Context: Three months after moving to Japan
Originally published on November 3, 2011
A few weeks ago, a friend took me to his favorite public bathhouse (or “sento”) in the area. For 500 yen, one can enjoy a shower, a variety of baths, a sauna, a standing tanning bed (more of a tanning closet, I guess? You step inside a giant tube) and when you’re done, there’s a cooldown area out in the lobby with snacks, drinks, ice cream, a bunch of crane games, a vending machine with cold coffee in squat glass bottles, and bookshelves full of comics to read (consuming food/drink, standing in the cancer-machine, and playing crane games requires additional $$$). On top of all that, this place is in the same parking lot right behind my new favorite store, Mandai, which is a massive second-hand store divided into the four essentials for human life: clothing, video games, toys, and comics. Everything there is super (relatively) cheap, and they’re basically willing to buy anything that fits into any of those categories from you pawn shop style, although usually it’s just for pennies (yen-nies). But still. Pretty great. Essentially, if I’m ever fired, or if my apartment burns down or is destroyed by Mothra, I will take up residence in this bathhouse for 500 yen a day, spending my days browsing Mandai and my nights soaking in the baths.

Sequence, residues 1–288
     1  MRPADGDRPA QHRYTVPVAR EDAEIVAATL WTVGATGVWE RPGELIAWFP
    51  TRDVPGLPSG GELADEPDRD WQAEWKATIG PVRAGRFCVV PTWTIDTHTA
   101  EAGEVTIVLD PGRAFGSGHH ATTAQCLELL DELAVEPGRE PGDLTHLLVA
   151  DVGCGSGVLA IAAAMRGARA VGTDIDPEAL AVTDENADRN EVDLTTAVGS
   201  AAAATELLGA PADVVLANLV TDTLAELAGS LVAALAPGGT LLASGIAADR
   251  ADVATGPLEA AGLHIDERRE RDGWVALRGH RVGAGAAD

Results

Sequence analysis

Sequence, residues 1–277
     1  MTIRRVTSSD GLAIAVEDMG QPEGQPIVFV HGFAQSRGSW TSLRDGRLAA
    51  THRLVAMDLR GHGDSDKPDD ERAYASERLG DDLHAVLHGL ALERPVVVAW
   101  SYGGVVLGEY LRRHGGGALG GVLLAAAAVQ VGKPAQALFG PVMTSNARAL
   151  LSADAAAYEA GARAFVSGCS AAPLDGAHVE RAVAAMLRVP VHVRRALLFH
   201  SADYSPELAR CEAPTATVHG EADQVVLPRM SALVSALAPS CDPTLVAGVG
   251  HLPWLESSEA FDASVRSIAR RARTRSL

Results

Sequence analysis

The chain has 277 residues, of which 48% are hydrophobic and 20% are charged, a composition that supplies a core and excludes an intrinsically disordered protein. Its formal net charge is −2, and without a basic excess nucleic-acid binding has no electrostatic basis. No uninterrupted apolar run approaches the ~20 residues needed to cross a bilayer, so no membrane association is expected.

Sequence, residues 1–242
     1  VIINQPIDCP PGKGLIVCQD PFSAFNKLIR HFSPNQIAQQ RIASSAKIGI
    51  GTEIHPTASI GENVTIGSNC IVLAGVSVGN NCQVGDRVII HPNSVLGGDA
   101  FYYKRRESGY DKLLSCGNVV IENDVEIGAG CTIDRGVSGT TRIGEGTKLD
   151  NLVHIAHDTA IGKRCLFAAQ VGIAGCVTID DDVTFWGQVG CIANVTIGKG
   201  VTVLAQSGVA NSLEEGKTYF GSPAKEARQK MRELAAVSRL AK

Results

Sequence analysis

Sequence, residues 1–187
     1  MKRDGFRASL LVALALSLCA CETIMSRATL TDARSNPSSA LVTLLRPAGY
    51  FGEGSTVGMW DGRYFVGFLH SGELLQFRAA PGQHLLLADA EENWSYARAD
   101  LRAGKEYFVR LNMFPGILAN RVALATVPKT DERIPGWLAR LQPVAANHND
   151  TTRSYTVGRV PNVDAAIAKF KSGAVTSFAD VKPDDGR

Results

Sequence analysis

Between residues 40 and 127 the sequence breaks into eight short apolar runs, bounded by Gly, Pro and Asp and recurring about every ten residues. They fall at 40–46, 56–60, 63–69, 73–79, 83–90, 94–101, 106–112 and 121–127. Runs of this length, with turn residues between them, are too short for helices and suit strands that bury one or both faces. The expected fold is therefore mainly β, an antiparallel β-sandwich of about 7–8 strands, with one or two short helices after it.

Back to the baths. First, you sit down on a stool in front of a shower cubical and wash up, because nobody’s there to bathe in your grease and dead skin cells. After that, there’s the normal hot bath. Like a hot tub, except that you’re in there with mostly out-of-shape, naked old men (women if you’re a woman; they require you to make that determination). They’re not all out-of-shape though. Some are young and virile and rippling with muscles, but still naked. They’re the worst, because then I realize that everything is relative and that to them, I am the out-of-shape, naked, old man. Then there’s the salty mineral bath, which leaves me yearning to return to the beaches of SoCal from whence I sprung forth 22 long years ago. Then the icy cold bath. With a water temperature set exactly at 33 degrees Fahrenheit, you’re not actually supposed to get into this bath. It’s just there for you to splash cold water on yourself after coming out of the 194 degree sauna (I’m lying about the 33 degrees, but the sauna has a thermometer inside to remind you how dumb you are for being in there).